Distal phalanx (finger) fracture

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Background

  • Fracture of distal portion of distal phalanx is also known as a "Tuft fracture"
  • Hand: finger slammed in door
  • Foot: stubbed toe or dropped a heavy object

Clinical Features

  • Pain and/or swelling of the digit
  • Sensation usually intact
    • Pain on palpation

Differential Diagnosis

Hand and Finger Fractures

Examination

  • Evaluate for tendon damage
  • Always look for a second fracture

Imaging

  • Hand Xrays to rule out additional fractures
  • Comminuted tuft fracture
    Error creating thumbnail: File missing
    Tuft's fracture
    • Stable
  • Longitudinal fracture
    • Usually non-displaced and stable
  • Transverse fracture
    • Evaluate for angulation/displacement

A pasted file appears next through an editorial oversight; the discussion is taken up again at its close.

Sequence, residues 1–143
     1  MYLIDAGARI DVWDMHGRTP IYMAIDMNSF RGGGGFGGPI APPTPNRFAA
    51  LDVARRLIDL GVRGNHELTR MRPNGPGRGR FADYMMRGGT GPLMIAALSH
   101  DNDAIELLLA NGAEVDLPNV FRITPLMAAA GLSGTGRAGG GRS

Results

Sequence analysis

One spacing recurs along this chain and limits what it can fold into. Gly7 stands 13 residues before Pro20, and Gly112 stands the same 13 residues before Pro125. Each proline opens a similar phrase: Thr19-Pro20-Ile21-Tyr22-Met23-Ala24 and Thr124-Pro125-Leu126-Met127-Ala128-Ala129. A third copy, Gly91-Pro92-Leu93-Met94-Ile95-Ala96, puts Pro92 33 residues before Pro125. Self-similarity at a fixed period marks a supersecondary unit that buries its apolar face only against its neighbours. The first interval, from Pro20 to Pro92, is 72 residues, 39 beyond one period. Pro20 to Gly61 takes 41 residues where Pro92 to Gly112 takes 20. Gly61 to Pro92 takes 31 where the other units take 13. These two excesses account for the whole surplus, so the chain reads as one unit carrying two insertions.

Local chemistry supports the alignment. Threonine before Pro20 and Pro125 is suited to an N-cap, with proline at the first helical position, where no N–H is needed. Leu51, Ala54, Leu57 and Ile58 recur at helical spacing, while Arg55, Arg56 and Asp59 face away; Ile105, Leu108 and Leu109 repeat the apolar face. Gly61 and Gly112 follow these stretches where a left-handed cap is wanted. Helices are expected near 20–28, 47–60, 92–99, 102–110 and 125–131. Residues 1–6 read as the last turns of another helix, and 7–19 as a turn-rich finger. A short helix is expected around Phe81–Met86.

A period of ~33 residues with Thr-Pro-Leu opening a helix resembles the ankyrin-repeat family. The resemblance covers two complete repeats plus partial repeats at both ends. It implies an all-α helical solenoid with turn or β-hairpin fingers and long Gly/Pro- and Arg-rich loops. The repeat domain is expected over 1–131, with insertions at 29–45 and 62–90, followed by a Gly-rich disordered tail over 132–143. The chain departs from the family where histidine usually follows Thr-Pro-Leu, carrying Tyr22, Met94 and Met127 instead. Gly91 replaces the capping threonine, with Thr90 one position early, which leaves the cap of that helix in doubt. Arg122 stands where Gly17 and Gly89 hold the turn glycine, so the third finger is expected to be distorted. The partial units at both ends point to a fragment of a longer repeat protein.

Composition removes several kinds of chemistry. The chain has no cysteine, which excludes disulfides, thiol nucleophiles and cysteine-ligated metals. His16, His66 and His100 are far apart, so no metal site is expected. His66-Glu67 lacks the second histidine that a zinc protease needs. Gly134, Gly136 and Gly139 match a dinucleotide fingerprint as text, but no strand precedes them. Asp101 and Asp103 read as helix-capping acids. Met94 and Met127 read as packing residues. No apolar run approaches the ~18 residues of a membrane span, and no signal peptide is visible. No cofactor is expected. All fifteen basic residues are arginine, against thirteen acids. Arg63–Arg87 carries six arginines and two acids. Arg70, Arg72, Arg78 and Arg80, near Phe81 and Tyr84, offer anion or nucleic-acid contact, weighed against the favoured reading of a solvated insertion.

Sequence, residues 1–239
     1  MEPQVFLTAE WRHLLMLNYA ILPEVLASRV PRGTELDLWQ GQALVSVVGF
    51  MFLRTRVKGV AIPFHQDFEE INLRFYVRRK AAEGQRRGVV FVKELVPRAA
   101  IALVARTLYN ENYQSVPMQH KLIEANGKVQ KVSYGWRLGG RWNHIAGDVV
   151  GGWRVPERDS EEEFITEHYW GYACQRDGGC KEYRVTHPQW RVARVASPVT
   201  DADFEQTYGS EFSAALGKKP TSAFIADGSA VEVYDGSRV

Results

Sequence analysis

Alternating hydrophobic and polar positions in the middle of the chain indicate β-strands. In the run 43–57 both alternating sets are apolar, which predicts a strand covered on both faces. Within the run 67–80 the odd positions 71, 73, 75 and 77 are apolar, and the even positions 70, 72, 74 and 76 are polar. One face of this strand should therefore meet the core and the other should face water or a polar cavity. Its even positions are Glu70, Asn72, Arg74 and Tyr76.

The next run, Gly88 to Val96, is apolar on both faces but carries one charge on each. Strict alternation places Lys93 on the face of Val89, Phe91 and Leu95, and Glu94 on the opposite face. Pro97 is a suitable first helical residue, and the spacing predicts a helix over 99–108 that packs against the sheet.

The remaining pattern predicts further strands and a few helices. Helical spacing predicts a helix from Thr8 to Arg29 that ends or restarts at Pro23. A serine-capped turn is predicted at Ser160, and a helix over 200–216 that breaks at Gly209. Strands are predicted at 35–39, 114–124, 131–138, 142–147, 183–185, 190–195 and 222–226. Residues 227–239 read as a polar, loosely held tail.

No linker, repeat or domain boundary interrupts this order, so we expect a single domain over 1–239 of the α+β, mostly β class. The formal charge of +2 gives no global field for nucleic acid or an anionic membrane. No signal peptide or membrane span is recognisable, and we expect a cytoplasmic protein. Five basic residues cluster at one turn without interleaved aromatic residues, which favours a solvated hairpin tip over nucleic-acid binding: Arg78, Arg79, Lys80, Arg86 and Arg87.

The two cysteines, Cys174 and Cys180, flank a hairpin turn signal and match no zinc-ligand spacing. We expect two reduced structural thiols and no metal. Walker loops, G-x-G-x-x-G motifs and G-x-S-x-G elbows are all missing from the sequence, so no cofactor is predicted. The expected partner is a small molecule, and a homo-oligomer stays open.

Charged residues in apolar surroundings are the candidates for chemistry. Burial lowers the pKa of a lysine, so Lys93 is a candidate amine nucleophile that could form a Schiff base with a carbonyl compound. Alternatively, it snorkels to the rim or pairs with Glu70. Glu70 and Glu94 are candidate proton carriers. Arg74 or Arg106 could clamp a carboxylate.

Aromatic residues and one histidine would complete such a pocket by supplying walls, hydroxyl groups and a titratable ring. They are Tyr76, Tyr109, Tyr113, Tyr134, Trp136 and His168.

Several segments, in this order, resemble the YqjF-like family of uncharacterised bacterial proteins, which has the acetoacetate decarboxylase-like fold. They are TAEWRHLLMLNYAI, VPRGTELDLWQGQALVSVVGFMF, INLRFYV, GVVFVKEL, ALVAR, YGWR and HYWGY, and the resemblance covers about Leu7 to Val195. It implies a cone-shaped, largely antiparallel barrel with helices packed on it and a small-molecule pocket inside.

• Intraarticular fracture

Management

  • Nonoperative
    • Nondisplaced: Splint with the DIP joint in extension (splint should extend past the tip of the distal phalanx
      • Most cases
    • Eval nail bed
    • Digital blocks can be helpful for evaluation and management
    • Do not attempt to reduce comminuted tuft fracture
  • Call Hand or Ortho (institution dependent) for complex finger injuries
    • Nailbed laceration with distal phalanx fractures can be complicated and result in open fractures

Disposition

  • Refer for:
    • Tendon dysfunction
    • Nerve dysfunction
    • Displacement or angulation
    • Intraarticular fracture
    • Complex involving Nailbed laceration

See Also

References